Bill Gates: Recovery Will Take Years - InformationWeek

InformationWeek is part of the Informa Tech Division of Informa PLC

This site is operated by a business or businesses owned by Informa PLC and all copyright resides with them.Informa PLC's registered office is 5 Howick Place, London SW1P 1WG. Registered in England and Wales. Number 8860726.

Mobile // Mobile Applications

Bill Gates: Recovery Will Take Years

Microsoft chairman says there are no quick fixes for the deficit-burdened economy.

Despite some recent glimmers of hope, Bill Gates believes it could take several more years for the economy to fully rebound from the great recession, which many economists say began in earnest in late 2008 with the collapse of Lehman Bros and other investment houses.

"When you have a financial crisis like that, it's years of digging out," the Microsoft chairman said Monday during an interview on ABC's Good Morning America.

"The budget's very, very out of balance," Gates warned.

"And even as the economy comes back, without changes in tax and entitlement policies, it won't get back into balance. And at some point, financial markets will look at that and it will cause problems," Gates added.

Gates' comments come three days before Microsoft is slated to announce earnings for its fiscal second quarter. Analysts surveyed by Thomson Reuters expect the company to post earnings per share of 59 cents, on revenue of $17.79 billion.

In 2008, Microsoft posted second quarter earnings of 47 cents on $16.63 billion in revenue.

The interview coincided with the publication of Gates' annual letter from his charitable organization, the Bill & Melinda Gates Foundation. In the letter, Gates said he talked to co-trustee Warren Buffett "more than ever" during the past year to gain a better understanding of the financial meltdown.

"Although the acute financial crisis is over, the economy is still weak, and the world will spend a lot of years undoing the damage, which includes lingering unemployment and huge government deficits and debts at record levels," Gates wrote.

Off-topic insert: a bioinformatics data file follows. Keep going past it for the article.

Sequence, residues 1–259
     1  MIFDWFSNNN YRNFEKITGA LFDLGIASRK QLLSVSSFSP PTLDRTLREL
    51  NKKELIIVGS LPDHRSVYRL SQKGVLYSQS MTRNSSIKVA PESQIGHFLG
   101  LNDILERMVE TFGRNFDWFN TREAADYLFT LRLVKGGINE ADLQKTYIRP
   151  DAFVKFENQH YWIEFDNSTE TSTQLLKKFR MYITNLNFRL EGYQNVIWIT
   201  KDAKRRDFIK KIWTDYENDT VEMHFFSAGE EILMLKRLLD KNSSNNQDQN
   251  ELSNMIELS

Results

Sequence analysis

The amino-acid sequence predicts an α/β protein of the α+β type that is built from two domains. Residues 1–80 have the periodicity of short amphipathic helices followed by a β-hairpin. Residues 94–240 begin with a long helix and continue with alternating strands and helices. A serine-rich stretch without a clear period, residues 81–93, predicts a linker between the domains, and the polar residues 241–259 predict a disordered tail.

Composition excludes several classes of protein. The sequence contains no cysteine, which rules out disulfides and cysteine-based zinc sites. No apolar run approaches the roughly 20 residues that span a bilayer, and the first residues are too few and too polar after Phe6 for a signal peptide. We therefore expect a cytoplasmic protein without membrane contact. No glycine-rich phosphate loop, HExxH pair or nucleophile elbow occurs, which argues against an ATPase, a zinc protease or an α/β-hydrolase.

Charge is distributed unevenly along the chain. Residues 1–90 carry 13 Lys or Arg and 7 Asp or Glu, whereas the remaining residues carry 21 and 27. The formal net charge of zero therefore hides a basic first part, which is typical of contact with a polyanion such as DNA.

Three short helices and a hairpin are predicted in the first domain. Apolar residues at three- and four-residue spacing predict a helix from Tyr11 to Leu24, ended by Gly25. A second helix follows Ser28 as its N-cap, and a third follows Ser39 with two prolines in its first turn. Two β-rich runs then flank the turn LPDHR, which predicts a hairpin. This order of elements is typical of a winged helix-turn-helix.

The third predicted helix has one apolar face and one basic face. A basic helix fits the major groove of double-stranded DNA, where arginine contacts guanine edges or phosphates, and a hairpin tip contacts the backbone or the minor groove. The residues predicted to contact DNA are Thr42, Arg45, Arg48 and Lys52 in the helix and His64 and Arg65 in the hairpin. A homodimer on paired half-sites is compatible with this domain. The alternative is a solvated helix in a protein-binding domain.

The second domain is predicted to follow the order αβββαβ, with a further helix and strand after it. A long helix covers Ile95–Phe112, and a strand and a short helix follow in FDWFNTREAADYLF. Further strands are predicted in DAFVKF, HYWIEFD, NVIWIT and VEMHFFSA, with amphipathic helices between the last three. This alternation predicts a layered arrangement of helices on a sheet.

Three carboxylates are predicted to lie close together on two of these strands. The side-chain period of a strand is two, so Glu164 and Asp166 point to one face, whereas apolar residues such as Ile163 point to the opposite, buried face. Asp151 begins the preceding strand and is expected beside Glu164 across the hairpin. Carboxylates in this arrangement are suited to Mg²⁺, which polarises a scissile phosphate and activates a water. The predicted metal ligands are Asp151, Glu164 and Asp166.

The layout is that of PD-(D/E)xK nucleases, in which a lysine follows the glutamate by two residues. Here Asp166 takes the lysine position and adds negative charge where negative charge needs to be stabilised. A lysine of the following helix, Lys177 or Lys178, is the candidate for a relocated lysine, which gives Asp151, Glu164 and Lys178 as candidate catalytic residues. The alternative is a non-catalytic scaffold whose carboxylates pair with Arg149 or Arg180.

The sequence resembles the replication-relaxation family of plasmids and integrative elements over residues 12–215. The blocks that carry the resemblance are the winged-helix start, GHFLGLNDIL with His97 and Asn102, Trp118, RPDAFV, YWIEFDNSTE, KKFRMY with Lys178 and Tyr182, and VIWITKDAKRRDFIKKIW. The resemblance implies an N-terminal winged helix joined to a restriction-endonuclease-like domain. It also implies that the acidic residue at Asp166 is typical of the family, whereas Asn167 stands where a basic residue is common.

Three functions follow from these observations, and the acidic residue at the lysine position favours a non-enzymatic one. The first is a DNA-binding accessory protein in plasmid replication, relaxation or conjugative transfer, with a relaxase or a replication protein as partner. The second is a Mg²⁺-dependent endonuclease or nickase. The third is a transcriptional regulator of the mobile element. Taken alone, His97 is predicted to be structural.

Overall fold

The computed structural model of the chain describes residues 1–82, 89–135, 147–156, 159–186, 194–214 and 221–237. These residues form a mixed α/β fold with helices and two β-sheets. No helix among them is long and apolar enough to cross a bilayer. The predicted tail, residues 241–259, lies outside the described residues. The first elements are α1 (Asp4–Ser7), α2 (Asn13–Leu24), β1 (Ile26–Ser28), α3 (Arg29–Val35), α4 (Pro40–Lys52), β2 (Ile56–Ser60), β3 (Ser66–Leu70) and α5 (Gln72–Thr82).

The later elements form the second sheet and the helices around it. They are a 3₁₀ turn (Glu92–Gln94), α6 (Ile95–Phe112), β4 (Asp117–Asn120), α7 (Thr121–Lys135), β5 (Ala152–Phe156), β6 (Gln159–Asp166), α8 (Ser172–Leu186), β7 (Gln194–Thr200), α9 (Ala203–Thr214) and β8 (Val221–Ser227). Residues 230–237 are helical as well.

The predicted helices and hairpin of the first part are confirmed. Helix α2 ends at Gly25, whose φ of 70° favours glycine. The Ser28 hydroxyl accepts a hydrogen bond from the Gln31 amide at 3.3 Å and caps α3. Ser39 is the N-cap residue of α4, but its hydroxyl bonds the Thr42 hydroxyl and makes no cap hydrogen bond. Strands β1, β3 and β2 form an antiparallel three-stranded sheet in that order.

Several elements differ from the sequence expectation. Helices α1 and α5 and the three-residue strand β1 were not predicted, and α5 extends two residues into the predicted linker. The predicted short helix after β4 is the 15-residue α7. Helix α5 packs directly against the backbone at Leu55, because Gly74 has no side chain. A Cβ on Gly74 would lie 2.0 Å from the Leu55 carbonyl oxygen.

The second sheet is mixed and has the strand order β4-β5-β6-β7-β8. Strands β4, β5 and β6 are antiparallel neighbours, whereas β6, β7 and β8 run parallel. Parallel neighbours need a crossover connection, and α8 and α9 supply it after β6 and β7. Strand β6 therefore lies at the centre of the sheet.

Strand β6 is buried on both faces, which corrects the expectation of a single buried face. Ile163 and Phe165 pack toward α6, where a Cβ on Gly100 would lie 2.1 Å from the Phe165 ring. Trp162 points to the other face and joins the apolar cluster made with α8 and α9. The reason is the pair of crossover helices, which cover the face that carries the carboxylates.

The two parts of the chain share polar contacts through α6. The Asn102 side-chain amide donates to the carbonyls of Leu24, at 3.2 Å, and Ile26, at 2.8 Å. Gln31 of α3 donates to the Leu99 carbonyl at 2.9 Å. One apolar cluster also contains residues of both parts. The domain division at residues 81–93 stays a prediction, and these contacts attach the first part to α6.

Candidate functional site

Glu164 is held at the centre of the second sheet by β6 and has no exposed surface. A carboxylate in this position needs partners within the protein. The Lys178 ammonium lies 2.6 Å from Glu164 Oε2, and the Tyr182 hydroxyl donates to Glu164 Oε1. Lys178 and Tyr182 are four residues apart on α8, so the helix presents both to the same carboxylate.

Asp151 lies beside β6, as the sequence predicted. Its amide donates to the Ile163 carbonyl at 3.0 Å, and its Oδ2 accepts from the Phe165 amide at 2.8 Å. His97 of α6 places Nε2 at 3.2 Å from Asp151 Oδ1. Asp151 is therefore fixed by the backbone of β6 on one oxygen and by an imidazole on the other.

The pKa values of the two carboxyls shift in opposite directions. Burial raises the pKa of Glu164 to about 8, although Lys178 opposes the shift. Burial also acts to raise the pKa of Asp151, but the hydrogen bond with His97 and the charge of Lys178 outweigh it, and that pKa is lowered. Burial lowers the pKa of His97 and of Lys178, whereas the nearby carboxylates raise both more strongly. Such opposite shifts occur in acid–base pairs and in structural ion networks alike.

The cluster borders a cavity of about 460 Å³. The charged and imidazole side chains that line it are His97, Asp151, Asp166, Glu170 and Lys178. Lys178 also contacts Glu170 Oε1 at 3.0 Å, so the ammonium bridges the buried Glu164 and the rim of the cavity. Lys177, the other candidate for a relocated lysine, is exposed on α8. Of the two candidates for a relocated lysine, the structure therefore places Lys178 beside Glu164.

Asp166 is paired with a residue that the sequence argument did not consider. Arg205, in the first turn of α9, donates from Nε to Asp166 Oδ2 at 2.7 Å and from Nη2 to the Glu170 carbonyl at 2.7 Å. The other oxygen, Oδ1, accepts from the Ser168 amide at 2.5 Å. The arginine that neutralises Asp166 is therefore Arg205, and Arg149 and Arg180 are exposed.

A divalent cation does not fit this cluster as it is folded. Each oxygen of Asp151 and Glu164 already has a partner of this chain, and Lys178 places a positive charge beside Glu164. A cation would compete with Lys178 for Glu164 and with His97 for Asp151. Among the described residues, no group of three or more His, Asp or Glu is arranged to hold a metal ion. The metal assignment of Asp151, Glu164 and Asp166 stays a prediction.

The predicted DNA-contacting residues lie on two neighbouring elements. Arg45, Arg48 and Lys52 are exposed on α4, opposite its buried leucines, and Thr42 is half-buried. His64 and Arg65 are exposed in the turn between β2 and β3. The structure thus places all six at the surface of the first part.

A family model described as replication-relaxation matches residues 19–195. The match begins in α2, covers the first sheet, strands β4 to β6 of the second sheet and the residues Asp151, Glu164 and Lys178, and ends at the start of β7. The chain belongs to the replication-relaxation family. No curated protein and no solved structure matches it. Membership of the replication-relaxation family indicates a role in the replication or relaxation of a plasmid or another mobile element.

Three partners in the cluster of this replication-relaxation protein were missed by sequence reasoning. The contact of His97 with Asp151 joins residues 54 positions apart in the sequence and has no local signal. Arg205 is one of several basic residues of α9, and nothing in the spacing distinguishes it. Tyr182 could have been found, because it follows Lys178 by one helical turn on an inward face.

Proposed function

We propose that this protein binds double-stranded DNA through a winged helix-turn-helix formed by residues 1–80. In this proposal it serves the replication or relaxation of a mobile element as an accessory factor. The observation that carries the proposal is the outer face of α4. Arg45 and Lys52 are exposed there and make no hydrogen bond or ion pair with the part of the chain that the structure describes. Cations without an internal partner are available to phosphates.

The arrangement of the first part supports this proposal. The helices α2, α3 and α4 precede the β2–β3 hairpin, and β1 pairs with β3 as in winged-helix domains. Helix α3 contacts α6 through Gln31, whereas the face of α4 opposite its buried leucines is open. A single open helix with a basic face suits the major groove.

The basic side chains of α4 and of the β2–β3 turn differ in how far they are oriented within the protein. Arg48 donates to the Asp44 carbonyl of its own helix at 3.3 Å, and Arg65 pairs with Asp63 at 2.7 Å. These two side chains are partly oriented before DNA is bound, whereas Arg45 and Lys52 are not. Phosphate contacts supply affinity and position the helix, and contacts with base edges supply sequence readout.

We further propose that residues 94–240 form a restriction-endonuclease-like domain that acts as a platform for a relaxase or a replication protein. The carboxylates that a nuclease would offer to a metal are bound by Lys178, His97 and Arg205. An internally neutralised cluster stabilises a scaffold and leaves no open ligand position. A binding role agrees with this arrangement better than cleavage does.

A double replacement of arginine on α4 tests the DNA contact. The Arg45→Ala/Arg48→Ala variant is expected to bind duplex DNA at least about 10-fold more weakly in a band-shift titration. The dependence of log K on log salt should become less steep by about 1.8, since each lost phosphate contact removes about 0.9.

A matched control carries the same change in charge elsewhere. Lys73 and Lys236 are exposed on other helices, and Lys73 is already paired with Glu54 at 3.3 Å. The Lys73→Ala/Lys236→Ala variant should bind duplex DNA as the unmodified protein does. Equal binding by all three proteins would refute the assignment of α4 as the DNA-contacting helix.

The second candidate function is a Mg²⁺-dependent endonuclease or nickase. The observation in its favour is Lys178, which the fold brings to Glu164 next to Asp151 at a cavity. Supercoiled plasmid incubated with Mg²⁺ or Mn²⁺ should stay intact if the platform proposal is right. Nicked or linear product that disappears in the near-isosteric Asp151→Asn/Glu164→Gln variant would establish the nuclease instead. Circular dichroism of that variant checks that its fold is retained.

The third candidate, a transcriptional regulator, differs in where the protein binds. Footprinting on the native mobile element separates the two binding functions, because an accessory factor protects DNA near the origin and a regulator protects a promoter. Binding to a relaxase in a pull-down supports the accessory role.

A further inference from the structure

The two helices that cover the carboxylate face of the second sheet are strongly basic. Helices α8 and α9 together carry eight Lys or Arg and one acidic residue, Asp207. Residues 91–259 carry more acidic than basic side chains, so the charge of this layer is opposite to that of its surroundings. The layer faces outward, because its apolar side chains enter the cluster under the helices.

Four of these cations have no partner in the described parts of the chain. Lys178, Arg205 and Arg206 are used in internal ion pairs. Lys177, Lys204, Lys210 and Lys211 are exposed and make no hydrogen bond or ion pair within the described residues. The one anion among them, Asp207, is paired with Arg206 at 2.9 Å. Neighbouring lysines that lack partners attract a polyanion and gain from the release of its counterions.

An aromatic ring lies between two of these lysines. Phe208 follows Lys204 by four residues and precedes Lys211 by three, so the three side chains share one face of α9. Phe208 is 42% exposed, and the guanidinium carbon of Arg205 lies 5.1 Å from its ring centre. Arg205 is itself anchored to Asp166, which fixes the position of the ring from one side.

Still, there are indications that some markets are stabilizing and are in line for growth.

Research firm Forrester is calling for tech spending in the U.S. to grow 6.6% this year, to $568 billion, after being down 8.2% in 2009. Worldwide spending will jump 8.1% to more than $1.6 trillion, following a decline of 8.9% last year, according to Forrester.

Microsoft shares were up 1.42%, to $29.37, in early trading Monday as stock markets rebounded from Friday's sell off.

Application mobilization tools are both more effective and more confusing than ever. To develop this report, InformationWeek Analytics polled nearly 700 business technology professionals and interviewed mobile application experts. Download the report here (registration required).d

We welcome your comments on this topic on our social media channels, or [contact us directly] with questions about the site.
Comment  | 
Print  | 
More Insights
What Digital Transformation Is (And Isn't)
Cynthia Harvey, Freelance Journalist, InformationWeek,  12/4/2019
Watch Out for New Barriers to Faster Software Development
Lisa Morgan, Freelance Writer,  12/3/2019
If DevOps Is So Awesome, Why Is Your Initiative Failing?
Guest Commentary, Guest Commentary,  12/2/2019
White Papers
Register for InformationWeek Newsletters
Current Issue
The Cloud Gets Ready for the 20's
This IT Trend Report explores how cloud computing is being shaped for the next phase in its maturation. It will help enterprise IT decision makers and business leaders understand some of the key trends reflected emerging cloud concepts and technologies, and in enterprise cloud usage patterns. Get it today!
Flash Poll